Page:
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May 27, 2014


But there are echoes of a broader trend underway. We might be seeing the end of an era of relatively moderate, centrist politics in major American cities, as teacher unions, minorities and more left wing activists flex their muscles in places like New York, Newark and now Chicago.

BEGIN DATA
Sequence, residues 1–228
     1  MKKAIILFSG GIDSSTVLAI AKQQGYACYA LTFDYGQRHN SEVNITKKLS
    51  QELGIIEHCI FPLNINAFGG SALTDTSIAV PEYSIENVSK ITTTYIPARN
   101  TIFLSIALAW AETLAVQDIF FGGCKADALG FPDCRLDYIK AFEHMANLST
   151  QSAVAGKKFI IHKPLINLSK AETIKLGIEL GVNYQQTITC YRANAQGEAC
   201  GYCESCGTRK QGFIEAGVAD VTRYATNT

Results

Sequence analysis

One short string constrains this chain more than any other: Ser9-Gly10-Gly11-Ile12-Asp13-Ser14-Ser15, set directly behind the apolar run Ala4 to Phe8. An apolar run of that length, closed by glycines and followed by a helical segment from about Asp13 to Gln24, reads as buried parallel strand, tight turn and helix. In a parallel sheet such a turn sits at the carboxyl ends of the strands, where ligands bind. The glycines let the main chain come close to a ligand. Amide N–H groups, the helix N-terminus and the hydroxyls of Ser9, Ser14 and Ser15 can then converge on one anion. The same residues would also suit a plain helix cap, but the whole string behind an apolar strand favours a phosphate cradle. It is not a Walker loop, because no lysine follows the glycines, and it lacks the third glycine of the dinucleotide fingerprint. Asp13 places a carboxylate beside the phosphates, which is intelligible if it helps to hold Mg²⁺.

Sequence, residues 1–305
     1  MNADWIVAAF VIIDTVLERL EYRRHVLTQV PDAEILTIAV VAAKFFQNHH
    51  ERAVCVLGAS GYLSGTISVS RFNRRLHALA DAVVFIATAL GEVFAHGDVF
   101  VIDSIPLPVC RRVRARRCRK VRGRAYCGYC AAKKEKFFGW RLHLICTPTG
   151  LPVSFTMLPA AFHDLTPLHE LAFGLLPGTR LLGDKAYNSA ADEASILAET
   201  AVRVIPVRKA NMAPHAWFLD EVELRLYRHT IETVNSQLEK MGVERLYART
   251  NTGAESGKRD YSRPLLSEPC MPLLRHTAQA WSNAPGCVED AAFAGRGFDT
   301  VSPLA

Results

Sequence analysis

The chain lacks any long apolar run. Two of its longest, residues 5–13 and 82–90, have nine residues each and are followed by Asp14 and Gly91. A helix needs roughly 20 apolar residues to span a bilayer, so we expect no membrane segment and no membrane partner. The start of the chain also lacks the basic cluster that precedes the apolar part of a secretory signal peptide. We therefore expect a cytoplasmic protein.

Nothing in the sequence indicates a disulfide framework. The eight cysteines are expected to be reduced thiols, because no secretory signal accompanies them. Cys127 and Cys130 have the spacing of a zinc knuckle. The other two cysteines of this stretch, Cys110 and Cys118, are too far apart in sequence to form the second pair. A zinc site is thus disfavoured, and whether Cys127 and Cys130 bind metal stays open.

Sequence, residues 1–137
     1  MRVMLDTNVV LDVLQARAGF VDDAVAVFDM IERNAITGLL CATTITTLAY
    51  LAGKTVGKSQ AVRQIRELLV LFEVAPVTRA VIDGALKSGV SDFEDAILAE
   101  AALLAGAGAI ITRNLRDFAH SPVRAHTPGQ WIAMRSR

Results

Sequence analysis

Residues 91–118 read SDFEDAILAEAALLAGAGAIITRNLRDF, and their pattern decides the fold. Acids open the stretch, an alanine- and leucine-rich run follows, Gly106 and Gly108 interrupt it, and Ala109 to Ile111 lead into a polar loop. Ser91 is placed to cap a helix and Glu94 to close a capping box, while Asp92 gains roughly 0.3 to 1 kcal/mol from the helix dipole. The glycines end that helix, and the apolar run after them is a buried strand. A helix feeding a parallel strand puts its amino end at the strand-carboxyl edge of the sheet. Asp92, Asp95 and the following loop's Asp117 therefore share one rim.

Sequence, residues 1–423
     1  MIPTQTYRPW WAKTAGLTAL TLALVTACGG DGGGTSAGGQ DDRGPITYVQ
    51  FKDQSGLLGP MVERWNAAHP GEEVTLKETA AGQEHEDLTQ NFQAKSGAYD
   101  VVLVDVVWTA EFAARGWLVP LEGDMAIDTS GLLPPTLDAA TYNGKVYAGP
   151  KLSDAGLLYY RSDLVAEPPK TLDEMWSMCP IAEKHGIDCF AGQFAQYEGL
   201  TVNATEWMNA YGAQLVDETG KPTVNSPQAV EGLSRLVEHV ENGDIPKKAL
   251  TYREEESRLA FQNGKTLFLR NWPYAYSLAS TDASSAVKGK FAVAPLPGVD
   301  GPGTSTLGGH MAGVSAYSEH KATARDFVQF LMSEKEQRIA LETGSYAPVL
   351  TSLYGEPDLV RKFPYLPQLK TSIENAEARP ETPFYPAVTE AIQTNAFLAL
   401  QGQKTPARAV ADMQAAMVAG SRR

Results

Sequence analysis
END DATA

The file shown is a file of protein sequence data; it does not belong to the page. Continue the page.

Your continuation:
This poses questions for the Democratic party nationally. If highly-visible urban Democratic centers are moving sharply to the left while the rest of the country looks on in displeasure, it will be harder for national leaders to straddle the divide between left urban grassroots and the suburban and centrist voters (not to mention the Wall Street money) needed to prevail in national contests.

There’s not enough money to buy them off any more, and they want to flex their muscles while they still can.